In order to participate successfully in the Carolo-Cup of the Technical University of Braunschweig, the vehicle has to find its way independently in a realistic street environment. The aim is not only to keep its lane at high speeds and follow a specified target trajectory, but also to overtake other vehicles, detect intersections, obey traffic signs and park in narrow spaces. While navigating traffic comes naturally to the average human, a robot must go through multiple layers of decisions to perform even the simplest of actions. Take avoiding an obstacle, for example. An autonomous vehicle must first recognize the object, analyze the situation, determine the new target trajectory, set the turn signal and then, finally, perform the actual lane change to avoid the obstacle. Therefore, we have to carefully consider all aspects of the vehicle in its driving environment, from the mechanical components and electronic systems to the software that brings the car to life.
At Phoenix Robotics, we particularly value good software engineering. The modular structure of our software enables us to develop and exchange individual modules independently from one another, all while using common version control tools. This allows our software to cover a broad spectrum of applications, from hard real-time systems based on microcontrollers to particularly processor-intensive machine learning or image recognition algorithms. The latter is particularly important to maneuvering the car, because the cameras are the primary sensors for the environmental perception of our vehicle, e.g. for detecting lanes, obstacles, intersections and parking spaces. The data from the image recognition is fused with the data from the other sensors to generate an environment model. Using this model, an optimal trajectory is determined.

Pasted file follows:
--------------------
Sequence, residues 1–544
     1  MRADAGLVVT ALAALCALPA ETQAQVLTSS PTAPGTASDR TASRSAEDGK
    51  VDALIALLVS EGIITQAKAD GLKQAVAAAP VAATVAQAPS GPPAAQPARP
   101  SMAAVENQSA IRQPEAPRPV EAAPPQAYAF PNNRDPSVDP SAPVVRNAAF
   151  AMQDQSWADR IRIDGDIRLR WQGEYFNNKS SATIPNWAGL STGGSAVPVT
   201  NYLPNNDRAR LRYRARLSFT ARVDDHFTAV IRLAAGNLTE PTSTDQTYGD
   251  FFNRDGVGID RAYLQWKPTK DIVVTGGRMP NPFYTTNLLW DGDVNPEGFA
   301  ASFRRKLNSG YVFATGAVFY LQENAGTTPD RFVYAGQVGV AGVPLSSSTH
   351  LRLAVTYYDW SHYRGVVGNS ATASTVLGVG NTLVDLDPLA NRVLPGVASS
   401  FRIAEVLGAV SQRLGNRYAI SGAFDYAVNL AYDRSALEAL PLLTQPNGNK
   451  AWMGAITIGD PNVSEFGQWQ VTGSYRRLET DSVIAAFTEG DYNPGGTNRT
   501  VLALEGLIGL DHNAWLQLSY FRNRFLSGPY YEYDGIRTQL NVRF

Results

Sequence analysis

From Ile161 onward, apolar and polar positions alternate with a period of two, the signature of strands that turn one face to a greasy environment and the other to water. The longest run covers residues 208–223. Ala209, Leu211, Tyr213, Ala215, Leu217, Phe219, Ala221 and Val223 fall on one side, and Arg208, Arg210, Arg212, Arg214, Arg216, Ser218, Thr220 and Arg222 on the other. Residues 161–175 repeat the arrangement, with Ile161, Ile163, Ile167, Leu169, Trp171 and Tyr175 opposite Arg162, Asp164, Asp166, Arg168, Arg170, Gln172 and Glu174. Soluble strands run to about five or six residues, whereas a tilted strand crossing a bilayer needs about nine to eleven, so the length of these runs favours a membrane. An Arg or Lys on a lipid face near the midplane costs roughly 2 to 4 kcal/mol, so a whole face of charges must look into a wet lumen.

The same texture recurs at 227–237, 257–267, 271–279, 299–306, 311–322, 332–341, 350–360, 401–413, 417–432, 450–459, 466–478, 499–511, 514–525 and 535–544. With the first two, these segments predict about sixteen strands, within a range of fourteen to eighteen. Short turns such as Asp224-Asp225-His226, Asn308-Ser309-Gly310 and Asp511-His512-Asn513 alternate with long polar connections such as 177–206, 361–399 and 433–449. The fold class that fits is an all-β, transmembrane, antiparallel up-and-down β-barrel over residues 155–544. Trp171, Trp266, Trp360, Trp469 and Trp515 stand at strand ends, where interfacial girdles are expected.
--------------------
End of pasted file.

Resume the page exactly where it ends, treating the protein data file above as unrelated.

An autonomous vehicle needs various sensors to monitor its status and perceive its environment. Among other things, we use a rotary encoder to measure the speed as well as other sensors to determine the acceleration and angular acceleration. These sensors help keep the car on track and make it possible to regulate the trajectory with a follow-up controller. For obstacle detection and parking, the vehicle requires distance sensors to the front, rear and sides. The sensors are read out with the aid of a microcontroller on a home-made circuit board. In addition, the actuators, such as the motors for driving or steering the vehicle, are also controlled and regulated by microcontrollers.
The mechanical design of our system is of enormous importance, as a robust structure is the basis of any vehicle. Furthermore, we love to test unconventional concepts and ideas, often pushing the limits of what was considered possible at the Carolo-Cup. A special feature of our latest vehicle is its ability to steer each of its four wheels individually, thus giving us unprecedented maneuverability. Furthermore, each wheel has its own, integrated motor, thereby allowing us to make use of torque vectoring. In order to realize this setup, many of our components have to be designed and manufactured in-house. These include, among other things, a base plate for the chassis, the body, the battery holder, the tower for the cameras and a bracket to fasten the encoder.